Hot enough for you?

B.V. Reddy, a crew member working yesterday on the Woodrow Wilson Bridge, held an electronic device over the recently poured asphalt and looked at the temperature reading: 262 degrees.

That was too hot. As the air around Reddy reached 95 degrees and the humidity made it feel even hotter, this was not an ideal day to lay asphalt, which was in danger of melting and separating, possibly resulting in potholes.

"The heat doesn't help" the asphalt cool, said project inspector Jimmy Hamrick as he gulped from a bottle of water. "It holds and retains the temperature."

Across the Washington area, workers, residents and travelers endured the year's 28th day of temperatures in the 90s -- in what experts said is the hottest summer in the past few years. Today's temperature is predicted to reach the mid-90s.

At a funeral for D.C. police Officer James C. McBride, an aid vehicle was set up outside All Souls Church, Unitarian in Adams Morgan, offering water and refreshments to the hundreds of officers in full dress uniforms, as well as other mourners. The scene was a grim reminder that McBride died last week after consuming too much water during a bicycle training ride.

The National Weather Service issued a heat advisory for the D.C. area until 8 tonight and warned residents to take such precautions as avoiding outdoor activities and drinking plenty of water.

The Metropolitan Washington Council of Governments declared the season's first Code Red day for area air quality and warned people who have breathing problems to be careful.

Because of Code Red, which carries heat-illness warnings and urges motorists to stay off roads, several suburban transit systems offered free rides to encourage people not to use cars. Metrobus riders in the District, however, still were charged.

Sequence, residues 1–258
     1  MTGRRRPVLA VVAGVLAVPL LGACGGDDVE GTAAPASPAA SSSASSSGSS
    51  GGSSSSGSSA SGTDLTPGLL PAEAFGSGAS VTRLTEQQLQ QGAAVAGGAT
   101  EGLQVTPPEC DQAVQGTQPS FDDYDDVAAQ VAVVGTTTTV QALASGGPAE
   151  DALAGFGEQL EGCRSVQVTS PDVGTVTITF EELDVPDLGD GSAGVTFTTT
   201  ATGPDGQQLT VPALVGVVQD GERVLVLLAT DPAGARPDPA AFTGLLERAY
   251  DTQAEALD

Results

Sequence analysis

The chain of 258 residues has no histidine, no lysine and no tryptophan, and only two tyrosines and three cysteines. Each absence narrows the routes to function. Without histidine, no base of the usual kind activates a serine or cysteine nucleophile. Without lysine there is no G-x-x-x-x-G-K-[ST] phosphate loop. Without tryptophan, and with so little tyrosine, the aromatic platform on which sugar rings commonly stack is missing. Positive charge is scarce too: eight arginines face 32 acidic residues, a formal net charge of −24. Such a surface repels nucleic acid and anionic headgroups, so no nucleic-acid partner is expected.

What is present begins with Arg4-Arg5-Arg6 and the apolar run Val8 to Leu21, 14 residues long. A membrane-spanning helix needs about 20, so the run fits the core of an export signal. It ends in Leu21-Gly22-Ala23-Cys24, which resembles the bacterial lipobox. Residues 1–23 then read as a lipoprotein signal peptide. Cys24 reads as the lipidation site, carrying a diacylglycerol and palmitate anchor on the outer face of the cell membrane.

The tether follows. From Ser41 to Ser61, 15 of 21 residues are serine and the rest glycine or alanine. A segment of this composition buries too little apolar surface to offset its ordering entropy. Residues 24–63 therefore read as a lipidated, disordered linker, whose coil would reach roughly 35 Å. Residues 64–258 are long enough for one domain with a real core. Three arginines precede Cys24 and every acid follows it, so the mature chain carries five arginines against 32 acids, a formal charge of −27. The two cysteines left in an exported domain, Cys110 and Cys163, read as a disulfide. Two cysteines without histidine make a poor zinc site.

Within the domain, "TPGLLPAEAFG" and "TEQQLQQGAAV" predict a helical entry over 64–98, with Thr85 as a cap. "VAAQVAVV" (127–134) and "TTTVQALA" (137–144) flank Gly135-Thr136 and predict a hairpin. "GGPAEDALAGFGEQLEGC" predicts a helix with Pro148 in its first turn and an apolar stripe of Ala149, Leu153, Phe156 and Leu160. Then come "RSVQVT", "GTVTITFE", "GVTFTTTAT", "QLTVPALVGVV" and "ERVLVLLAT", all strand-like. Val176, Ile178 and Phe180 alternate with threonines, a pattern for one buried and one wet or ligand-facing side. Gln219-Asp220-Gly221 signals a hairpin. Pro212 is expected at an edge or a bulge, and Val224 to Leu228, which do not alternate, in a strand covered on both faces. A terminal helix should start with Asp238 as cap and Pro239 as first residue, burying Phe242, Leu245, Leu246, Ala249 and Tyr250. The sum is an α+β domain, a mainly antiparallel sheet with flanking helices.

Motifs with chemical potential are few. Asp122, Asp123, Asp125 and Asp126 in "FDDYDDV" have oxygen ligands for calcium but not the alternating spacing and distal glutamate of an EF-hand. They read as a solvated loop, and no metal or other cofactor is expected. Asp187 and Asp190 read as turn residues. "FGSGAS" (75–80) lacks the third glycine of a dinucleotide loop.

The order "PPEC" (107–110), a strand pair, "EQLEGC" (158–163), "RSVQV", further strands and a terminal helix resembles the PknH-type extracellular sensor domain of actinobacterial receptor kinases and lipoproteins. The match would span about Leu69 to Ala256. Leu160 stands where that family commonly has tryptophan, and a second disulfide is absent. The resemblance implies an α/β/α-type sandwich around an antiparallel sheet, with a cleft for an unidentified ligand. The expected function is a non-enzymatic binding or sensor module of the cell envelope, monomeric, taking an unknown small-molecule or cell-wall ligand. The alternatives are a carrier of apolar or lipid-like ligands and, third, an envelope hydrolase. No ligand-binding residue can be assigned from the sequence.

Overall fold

The heat this year has increased dramatically over last year, when 11 days were in the 90s through Aug. 14, according to unofficial data from the National Weather Service.

Mike McAuliffe, a meteorologist with, said this is the hottest summer in the area since 2002, which had 49 days in the 90s and two days above 100 degrees.

He predicted that the temperature in the District will reach 96 today, with increased humidity, which could push the heat index well over 100.

"What happens when the humidity increases, the sweat on the skin does not evaporate as readily," McAuliffe said.

"The air already has too much moisture. Sweat is to cool the body but if it does not evaporate, the body does not cool as readily. So that makes you susceptible to heat exhaustion or heat stroke."

As the temperature rose, it was even hotter on the highway. Construction crews spread layer upon layer of 300-degree asphalt on the Capital Beltway's inner loop to realign a half-mile stretch.

Workers in jeans and heavy-soled boots shoveled, raked and shaped the coarse, steamy mixture into the smooth surface, for a road leading from the Wilson Bridge to Virginia.

To connect the old section with the gentle curve of the new one, workers are building up the road with 21/2 feet of asphalt. Each layer must cool to about 150 degrees before the next pile can be poured.

After a cold-water truck sprinkled the lane, steam rose from the fresh tar like from rocks in a sauna.

The weather did not deter some cyclists and walkers from visiting the South Washington Street overpass in Alexandria to watch the work.

Paul Johnson, an engineer, biked from his home in Fairfax County to see how the crew handled the curving of the new road and the challenge of the traffic.

"It's fascinating," Johnson said. He stood there, sweaty but unbowed, preparing for the hot trip home.

Woodrow Wilson Bridge crews contend not only with high temperatures and humidity, but also with the heat of the 300-degree asphalt they are pouring.Cyclists watch construction on the Woodrow Wilson Bridge. Crews and residents endured the year's 28th day of temperatures in the 90s.